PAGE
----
Don\'t assume butter is butter

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Hi, I just returned from a trip that involved catered meals and eating in restaurants. In one restaurant, I ordered plain salmon, baked potato and steamed brocoli. It seemed safe to me. I was halfway through the baked potato when it occured to me that perhaps the butter wasn't REALLY butter. I asked - and sure enough - it wasn't. It was a cheapie margarine that fortunately had no pn products in it.

Just thought I'd warn everyone not to assume that butter is butter.

On Sep 17, 2005

I agree with this totally. My daughter has a PA and I have celiac disease... which means no flour, wheat, barley, rye, or oats for me, not ever. I have found out that when eating out you have to ask about every single thing. Some of these terms, like butter have become generic and people use them for margarine and what not.

Susan

On Sep 17, 2005

Butter or margarine has never been a concern for me to wonder about.

On Sep 17, 2005

Hi e-mom, Margarine is on many 'foods to avoid' lists. (unless you know the ingredients). I have yet to find a suspect ingredient in margarine, but I just stick to one brand at home and I haven't spent any time reading marg. labels in the grocery store. Perhaps some of the margarine warnings are because of the possibility of x-cont. with PB?

"Foods that may contain peanuts include: cookies, chocolate bars, chili, egg rolls, Thai dishes, Satay sauces, prepared soup (especially dried packaged soup mixes), prepared and frozen desserts, hydrogenated oil, candy, baked goods, chinese food, potato chips, fried foods, salad dressings, macaroons, icing paste, almond paste, vegetable burgers, vegetable oil, vegetable shortening, lard, margarine, rework chocolate from Europe and canned sardines"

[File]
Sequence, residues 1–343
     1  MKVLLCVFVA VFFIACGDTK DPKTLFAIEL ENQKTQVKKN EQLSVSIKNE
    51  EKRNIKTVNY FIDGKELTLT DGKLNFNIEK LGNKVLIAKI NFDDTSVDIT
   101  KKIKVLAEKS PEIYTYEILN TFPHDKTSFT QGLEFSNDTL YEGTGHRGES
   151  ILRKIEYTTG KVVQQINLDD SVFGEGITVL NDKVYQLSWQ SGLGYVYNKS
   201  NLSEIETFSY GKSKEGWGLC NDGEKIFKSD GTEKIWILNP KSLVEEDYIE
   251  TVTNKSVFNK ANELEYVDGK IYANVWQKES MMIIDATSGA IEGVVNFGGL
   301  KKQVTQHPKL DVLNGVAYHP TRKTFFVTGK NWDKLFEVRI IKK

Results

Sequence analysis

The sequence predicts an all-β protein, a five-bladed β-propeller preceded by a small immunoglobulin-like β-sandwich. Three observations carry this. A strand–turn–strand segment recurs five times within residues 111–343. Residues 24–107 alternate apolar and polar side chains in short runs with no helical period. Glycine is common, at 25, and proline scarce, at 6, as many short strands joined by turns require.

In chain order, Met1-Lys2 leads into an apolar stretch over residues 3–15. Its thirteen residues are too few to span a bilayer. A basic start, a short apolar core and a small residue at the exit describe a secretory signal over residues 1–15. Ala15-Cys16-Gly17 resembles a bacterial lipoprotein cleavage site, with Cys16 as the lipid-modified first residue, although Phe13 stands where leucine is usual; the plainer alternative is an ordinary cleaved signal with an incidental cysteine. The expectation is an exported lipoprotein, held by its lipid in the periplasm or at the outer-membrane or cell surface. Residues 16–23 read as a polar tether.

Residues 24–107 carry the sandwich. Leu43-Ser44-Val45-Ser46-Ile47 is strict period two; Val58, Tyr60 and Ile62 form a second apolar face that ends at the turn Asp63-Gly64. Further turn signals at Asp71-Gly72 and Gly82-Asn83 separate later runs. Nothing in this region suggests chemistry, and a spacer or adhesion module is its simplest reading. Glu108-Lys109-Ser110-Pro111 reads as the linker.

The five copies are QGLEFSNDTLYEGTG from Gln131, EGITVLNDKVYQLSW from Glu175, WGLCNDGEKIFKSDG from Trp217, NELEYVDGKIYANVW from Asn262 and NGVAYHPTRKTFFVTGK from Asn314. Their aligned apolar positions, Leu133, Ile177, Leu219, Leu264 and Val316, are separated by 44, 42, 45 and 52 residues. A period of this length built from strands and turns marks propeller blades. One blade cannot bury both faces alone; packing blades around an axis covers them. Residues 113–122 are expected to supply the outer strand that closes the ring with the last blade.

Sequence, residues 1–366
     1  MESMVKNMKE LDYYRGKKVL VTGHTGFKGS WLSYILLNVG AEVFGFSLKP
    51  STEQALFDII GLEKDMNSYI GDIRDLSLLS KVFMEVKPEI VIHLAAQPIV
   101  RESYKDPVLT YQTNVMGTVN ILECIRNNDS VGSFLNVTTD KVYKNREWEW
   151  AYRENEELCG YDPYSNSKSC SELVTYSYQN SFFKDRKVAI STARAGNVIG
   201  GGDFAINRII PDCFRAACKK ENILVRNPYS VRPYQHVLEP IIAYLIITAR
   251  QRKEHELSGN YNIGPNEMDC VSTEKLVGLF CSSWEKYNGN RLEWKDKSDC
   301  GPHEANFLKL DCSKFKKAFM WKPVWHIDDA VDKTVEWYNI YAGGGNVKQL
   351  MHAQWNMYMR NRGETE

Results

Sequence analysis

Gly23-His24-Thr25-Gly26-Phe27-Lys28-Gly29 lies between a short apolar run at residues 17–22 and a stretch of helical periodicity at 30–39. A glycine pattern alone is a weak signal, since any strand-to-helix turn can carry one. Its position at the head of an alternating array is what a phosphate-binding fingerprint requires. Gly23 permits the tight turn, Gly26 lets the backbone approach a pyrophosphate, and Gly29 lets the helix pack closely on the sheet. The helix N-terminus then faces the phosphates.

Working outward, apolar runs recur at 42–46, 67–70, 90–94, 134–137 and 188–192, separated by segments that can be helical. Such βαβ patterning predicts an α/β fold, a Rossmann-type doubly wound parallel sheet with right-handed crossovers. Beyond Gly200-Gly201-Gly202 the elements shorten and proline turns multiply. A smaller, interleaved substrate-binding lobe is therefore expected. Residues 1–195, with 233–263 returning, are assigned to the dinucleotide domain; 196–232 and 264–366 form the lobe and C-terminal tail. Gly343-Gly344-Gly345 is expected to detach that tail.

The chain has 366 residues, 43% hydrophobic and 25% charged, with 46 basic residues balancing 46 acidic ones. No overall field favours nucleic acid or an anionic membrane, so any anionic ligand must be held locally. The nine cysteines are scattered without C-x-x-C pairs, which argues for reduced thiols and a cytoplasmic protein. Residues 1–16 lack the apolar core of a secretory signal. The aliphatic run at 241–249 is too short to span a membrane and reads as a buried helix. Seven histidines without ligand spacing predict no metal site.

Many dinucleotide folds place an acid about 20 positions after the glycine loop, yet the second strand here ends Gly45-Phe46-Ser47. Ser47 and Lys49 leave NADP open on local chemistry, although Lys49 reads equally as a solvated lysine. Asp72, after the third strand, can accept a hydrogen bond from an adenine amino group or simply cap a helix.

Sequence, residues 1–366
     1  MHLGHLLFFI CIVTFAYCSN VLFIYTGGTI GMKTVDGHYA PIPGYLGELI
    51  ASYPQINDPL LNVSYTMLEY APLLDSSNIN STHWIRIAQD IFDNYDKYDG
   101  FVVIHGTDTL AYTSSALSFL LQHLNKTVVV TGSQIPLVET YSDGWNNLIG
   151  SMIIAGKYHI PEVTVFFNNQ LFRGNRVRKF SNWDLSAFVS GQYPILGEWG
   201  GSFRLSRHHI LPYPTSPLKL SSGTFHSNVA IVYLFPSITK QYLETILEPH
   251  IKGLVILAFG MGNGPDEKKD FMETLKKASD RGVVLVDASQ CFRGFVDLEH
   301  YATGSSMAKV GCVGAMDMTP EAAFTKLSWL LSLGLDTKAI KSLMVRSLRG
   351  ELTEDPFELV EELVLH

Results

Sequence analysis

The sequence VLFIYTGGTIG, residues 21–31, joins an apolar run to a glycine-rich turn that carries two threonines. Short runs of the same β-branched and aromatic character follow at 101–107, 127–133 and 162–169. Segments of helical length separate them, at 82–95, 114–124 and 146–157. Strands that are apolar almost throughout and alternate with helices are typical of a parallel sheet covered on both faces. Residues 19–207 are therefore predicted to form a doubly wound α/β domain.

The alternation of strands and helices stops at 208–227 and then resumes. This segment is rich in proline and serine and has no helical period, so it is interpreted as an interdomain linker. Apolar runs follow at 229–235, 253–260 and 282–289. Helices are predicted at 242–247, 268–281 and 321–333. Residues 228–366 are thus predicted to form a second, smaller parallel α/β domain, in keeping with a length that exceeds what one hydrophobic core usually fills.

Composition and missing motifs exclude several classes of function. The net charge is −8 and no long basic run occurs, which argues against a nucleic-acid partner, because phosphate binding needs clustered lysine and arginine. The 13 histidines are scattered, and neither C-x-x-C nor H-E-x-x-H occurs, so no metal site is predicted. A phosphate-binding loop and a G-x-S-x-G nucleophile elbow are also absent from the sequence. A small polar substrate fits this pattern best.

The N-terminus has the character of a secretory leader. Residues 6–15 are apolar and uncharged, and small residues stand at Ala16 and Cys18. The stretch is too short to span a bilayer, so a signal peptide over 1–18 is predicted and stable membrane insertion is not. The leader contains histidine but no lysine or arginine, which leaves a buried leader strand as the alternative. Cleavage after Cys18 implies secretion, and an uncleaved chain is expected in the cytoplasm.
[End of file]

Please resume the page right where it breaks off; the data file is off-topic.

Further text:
On Sep 17, 2005

Okay, Adele, I hear what you're saying about not assuming that butter is butter - that it could possibly be margarine instead of butter.

But I'm with e-mom on this one and I have never worried about butter or margarine on this journey.

My margarine container is labeled as being 100% soybean and/or canola oil.

I appreciate the list that you posted above and I'm going to re-read it to see what else I, personally, don't worry about, but margarine, no. I'd go insane.

However, having said that, I have found some things along the journey that I wouldn't have thought to worry about and then *did* have reason to and posted about here - the allergy alert on a coffee in a coffee shop (TNA people) and also a vegetarian hamburger that contained walnuts (again TNA) and would therefore cross-contaminate any regular burgers ordered in the restaurant - they would be fried on the same grill.

Best wishes! [img]http://uumor.pair.com/nutalle2/peanutallergy/smile.gif[/img]

On Sep 17, 2005

Okay, the list. Where did you find it? Not saying that it is not okay. Simply curious and you know me with my ton of questions [img]http://uumor.pair.com/nutalle2/peanutallergy/rolleyes.gif[/img]

"Foods that may contain peanuts include: cookies,

I only buy brands of cookies that I consider well labeled and never European cookies.

chocolate bars,